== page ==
Thursday 27th October 2016

Gnome 3

So I finally moved to the new version of Gnome. It's taken a long while for me to make this move because I feel that Gnome 3 is a worse user experience than Gnome 2 in terms of productivity.

The move was not without it's difficulty, however, I have managed to make the move only because of a few awesome plug-ins provided by the community. Without further ado, here's how I'm getting an awesome user experience using Gnome 3 and a few cool plug-ins.

Ubuntu

I installed my new workstation using Ubuntu Gnome 16.04 LTS. This gives me the familiarity of a Debian-based Linux without the oddball policies you get with regular Debian (a great distro to be sure, but it's self-restraint with regard to licensing makes it hard to do some things out-of-the-box that Ubuntu does not struggle with). I don't have time to waste, so Ubuntu it is.

Once installed make sure you have the Gnome Tweak tool. This will let you easily enable and disable extensions as well as change the behaviour of gnome a little.

Problems to overcome

Gnome looks great, but in my humble opinion has some usability issues for busy computer users. To be fair, I don't think these issues apply to the casual computer user as much but when you make me perform an extra click or button press you need to consider how many times a day I do that click or press before you hide it behind another unneeded click or press. In Gnome 2 I have a quick launch bar just to the right of the applications and places menus on the desktop. This little launch bar contains around twelve icons for the things I use every day. Terminal, pgAdmin, my IDE, email, browser, text editor, calculator, files, zim personal wiki, yEd etc. I dip in and out of these tools regularly. I have a policy of closing applications when I'm done with them to avoid clutter building up on my machine as I move from one job to the next. Gnome 3 removed this feature as well as application menus and places menus on the desktop. To launch an application, I'm expected to press the windows key in order to get into overlay mode, where a dock appears on the left containing my favourite applications. Let's compare the old way tot he new way in terms of actions taken to launch an application that is not currently open in order to copy something from it to paste into a currently running application. This could be a snippet of configuration from your personal wiki or similar.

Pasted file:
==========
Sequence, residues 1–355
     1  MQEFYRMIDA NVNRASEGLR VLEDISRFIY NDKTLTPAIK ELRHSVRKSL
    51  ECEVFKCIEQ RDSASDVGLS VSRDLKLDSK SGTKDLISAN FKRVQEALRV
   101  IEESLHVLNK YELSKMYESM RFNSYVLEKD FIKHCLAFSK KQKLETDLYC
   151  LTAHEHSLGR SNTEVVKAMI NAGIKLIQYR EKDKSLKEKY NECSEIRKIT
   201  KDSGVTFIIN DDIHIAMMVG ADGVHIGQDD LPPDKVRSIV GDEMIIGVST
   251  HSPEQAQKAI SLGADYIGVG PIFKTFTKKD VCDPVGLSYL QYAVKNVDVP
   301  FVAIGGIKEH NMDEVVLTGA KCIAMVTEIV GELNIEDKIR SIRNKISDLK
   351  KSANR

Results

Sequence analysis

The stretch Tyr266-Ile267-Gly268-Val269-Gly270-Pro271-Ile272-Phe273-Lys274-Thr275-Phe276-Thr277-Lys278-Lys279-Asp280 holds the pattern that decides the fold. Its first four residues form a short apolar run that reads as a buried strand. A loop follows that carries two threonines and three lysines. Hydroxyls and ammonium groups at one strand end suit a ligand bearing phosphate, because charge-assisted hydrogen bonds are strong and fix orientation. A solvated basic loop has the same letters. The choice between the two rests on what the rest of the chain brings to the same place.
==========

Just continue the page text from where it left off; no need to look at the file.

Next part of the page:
Gnome 2

Gnome 3

The Gnome 2 way was (in my opinion) less jarring because it did not involve two full screen transitions. This transition to overlay mode and back is significant because your eye/mind struggles to keep track of objects that are hidden from view for no good reason (that I am aware of).

In addition to this, the Gnome 3 team seem to have forgotten about the system tray or notification area if you prefer. This is an afterthought that appears off-screen in the bottom left of the display and overlays your open windows if it made visible. The overall trend with Gnome and other operating system user interfaces is to hide things from the user even when those things are both useful and required. As a general policy this comes across as being somewhat pompous as if to say 'nothing will infringe upon the sanctity of our perfect desktop'.

Solutions & Plug-ins

So, here I am, wanting to load up the new version of Ubuntu 16.04 but not wanting to use Unity or Gnome 3, wondering if I should just force myself to adapt even though every fibre of my being screams that this 'new better way' is bloody idiotic and change for changes sake. So I give it a go... live with it for about a day... start feeling like I'm shortening my life... start looking for solutions to the new set of problems that 'progress' has placed in my way.

Enter the plug-ins...

Dash to dock

Gives you an actual dock with icons in it on your desktop that you can click. This solves having to move into and out of overlay mode. I'm using it in auto hide mode (which seems counter-intuitive given what I have said above) because I find it's smart-hide window-dodging to be distracting, easier to have a predictable hide/show when I move my mouse to the left of the screen. While this is in itself a compromise, it's a significant improvement over the default and also proved to be far more stable than a gaggle of quick-launch icon providers that I tried and promptly un-installed due to buggy behaviour.

Places status indicator

Replaces some missing functionality in Gnome 3 making navigation to commonly used locations on disk simpler and quicker.

Top Icons Plus

Returns the system tray to an always visible location and stops it from overlaying useful window content.

Final thoughts

While some bits of Gnome 3 are still new to me and feel a little jarring; I think now at least I will be able to work in Gnome 3 without many more difficulties. Amazing home much difference three plug-ins make! Why are these not part of the default Gnome offering?